Well, for problem 1, you can't avoid learning about ordered pairs and Cartesian products. And it is better to read about them in a textbook written by specialists than have some amateurs explain it here.
An ordered pair (a, b) is a pair of mathematical objects. In the ordered pair (a, b), the object a is called the first entry, and the object b the second entry of the pair. Alternatively, the objects are called the first and second coordinates, or the left and right projections of the ordered pair. The order in which the objects appear in the pair is significant: the ordered pair (a, b) is different from the ordered pair (b, a) unless a = b.
The Cartesian product of two sets and (also called the product set, set direct product, or cross product) is defined to be the set of all points where and . It is denoted , and is called the Cartesian product since it originated in Descartes' formulation of analytic geometry. In the Cartesian view, points in the plane are specified by their vertical and horizontal coordinates, with points on a line being specified by just one coordinate. The main examples of direct products are Euclidean three-space (, where are the real numbers), and the plane ().
I dont know, but someone else explaining it might help more than that. It sounds confusing lol.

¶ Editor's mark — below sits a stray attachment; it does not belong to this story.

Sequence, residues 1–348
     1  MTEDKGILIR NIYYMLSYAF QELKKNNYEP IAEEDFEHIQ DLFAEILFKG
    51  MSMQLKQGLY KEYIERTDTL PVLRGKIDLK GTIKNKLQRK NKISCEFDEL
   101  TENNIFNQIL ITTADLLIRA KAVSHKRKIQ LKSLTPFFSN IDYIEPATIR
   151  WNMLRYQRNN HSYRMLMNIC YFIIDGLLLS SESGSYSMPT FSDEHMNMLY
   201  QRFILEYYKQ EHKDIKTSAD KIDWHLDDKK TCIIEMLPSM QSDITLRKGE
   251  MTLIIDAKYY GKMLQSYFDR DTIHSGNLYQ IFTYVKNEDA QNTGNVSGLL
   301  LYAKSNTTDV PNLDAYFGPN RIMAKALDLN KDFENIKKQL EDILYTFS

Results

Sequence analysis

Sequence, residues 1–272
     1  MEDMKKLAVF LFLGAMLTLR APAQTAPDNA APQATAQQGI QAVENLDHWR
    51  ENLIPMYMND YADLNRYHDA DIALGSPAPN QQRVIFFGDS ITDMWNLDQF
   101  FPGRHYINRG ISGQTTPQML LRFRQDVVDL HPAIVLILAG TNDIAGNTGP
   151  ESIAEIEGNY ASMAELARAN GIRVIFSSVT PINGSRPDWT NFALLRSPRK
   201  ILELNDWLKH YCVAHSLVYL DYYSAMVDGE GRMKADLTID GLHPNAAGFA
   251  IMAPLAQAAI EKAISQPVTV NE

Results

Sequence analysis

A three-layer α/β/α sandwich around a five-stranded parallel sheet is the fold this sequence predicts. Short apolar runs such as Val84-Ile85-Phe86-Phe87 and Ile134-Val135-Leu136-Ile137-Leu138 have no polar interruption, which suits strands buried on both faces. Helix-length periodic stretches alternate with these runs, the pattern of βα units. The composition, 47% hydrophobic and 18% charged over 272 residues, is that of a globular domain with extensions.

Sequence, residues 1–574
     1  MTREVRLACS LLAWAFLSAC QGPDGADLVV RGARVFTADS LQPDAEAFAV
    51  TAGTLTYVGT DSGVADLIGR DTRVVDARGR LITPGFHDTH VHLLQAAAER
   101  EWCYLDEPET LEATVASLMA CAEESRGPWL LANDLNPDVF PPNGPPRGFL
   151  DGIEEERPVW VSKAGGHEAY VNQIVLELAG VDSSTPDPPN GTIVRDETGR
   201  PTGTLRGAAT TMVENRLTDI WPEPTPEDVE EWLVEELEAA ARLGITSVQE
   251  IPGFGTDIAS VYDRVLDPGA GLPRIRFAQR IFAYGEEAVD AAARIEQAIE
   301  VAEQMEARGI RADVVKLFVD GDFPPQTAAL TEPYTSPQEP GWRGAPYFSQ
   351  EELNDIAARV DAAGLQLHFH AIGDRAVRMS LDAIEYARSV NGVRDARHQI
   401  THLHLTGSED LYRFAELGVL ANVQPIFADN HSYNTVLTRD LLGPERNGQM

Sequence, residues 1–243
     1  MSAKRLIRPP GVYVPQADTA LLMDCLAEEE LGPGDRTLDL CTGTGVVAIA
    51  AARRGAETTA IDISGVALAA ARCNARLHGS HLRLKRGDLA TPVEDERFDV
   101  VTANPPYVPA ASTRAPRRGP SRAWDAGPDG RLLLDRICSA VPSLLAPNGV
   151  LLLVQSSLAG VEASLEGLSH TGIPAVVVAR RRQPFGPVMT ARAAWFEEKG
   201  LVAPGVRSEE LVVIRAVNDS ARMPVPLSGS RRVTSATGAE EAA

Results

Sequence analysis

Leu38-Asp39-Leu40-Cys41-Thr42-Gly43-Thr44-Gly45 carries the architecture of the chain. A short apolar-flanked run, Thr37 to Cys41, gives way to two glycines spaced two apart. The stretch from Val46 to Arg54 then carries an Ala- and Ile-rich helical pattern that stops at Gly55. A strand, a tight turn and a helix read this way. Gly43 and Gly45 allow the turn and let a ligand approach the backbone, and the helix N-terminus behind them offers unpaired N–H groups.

Finite sets are collections of objects which are finite. |A| denotes the number of elements (objects) in the set A. So the questions asks us to find two sets, which are both have more than 4 objects in, then we have to define a function from A to B which is neither one to one nor onto.
I honestly believe that if you understand all the terms and definitions in this question then it is reasonably straightforward:
Let A = {1,2,3,4,5,6,7,8,9,10}
let B = {a,b,c,d,e}
consider the map given explicitly by:
f(1)=a
f(2)=b
f(3)=a
f(4)=b
f(5)=a
f(6)=b
f(7)=a
f(8)=b
f(9)=a
f(10)=b
both sets have more than 4 objects in. The function is not onto (no element maps to c, d, or e). The function is not one to one (note that f(1) =a and also f(3)=a)
Ahh, so this would be a good example of showing that the function is not onto or one to one.
I see now that the Onto function f from A to B is called onto if for all b in B there is an a in A, such that f(a) = b. All elements in B are used.
And the one-to-one function is a function f from A to B is called one-to-one if whenever f(a) = f(b) then a = b. No element of B is the image of more than one element in A.
The illustrations from this website actually helped more than those definitions:
One-to-one and Onto Functions